Misjudging the History at the ICTY: Transitional and Post-Transitional Narratives About Genocide in Bosnia and Herzegovina

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Table of Contents: I. Introduction. – I.1. Theoretical framing of transitional, post-transitional justice and strategic narratives. – II. Transitional narrative of genocide in Bosnia and Herzegovina. – II.1. Genocide charges for facts occurring in 1992. – II.2. Bosnian Muslims and Bosnian Croats: two protected groups targeted by the Serb forces in genocidal crimes in 1992. – II.3. Relevance of the ICTY judgments on Serbia’s involvement in the international armed conflict in Bosnia and Herzegovina. – II.4. Transitional narrative of the Srebrenica genocide. – II.5. Importance of the genocide charges in Slobodan Milošević’s trial. – II.6. Serbia, Srebrenica and crimes against humanity. – III. Post-transitional and strategic narrative of genocide in Bosnia and Herzegovina. – III.1. From transitional to post-transitional justice narrative, 2000-2020. – III.2. “Border correction” initiative: how much larger will the post-Yugoslav Serbia be? – IV. Conclusions.

Abstract: This Article explores the transitional, post-transitional and strategic narratives about the wars in the former Yugoslavia, more specifically in Bosnia and Herzegovina. The criminal justice narrative created by the International Criminal Tribunal for the former Yugoslavia (ICTY) dominates the transitional narratives about the Yugoslav wars. It is not uncommon that both sides – the victims and the perpetrators – express dissatisfaction with the justice outcome depending on the verdict. Transitional narratives based on the criminal trials are expected to provide clarity on the distinction between “bad” and “good” guys; between perpetrators and victims; between the criminality of the perpetrating side and the response of the victim’s side. With the passage of time, all transitional narratives will be challenged by post-transitional narratives, launched by various societal and political actors for different reasons with specific objectives behind them. For example, the ruling post-conflict elites can decide to create a post-transitional narrative in which they will try to re-interpret or counter the existing transitional narratives with the goal to exonerate the policies of the predecessor regime that led to the violence by reintroducing the “politics of the past” into the “politics of the present” in the perusal of the still to be achieved political objectives of the predecessor regime. Using the example of the ICTY genocide judgments, this Article will explore how its transitional narrative of genocide has been undermined by the post-transitional narratives launched by the Serbian post-conflict elites in the perusal of the unfulfilled strategic goals of the predecessor regimes.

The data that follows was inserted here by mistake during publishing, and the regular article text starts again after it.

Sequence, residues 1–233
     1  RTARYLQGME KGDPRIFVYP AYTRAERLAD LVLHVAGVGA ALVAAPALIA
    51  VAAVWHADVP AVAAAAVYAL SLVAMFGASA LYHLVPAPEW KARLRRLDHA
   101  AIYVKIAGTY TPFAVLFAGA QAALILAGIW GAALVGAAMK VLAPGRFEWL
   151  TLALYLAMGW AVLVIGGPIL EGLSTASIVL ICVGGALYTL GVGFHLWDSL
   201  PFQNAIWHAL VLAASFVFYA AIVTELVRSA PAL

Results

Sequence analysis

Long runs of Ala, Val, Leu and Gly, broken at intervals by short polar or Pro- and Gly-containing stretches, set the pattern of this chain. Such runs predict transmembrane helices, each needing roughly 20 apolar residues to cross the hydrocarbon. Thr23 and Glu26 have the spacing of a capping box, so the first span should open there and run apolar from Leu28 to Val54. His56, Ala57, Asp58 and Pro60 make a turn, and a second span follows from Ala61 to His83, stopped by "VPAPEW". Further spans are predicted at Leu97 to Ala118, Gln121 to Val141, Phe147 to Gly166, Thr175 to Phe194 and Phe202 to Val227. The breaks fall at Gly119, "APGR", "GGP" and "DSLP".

Keywords: disintegration of Yugoslavia – ICTY – genocide – Bosnia-Herzegovina – Srebrenica – transitional justice.

European Papers, Vol. 5, 2020, No 3, pp. 1191-1223
2499-8249 - doi: 10.15166/2499-8249/431

* Lecturer, Department of European Studies, University of Amsterdam, n.tromp-vrkic@uva.nl.


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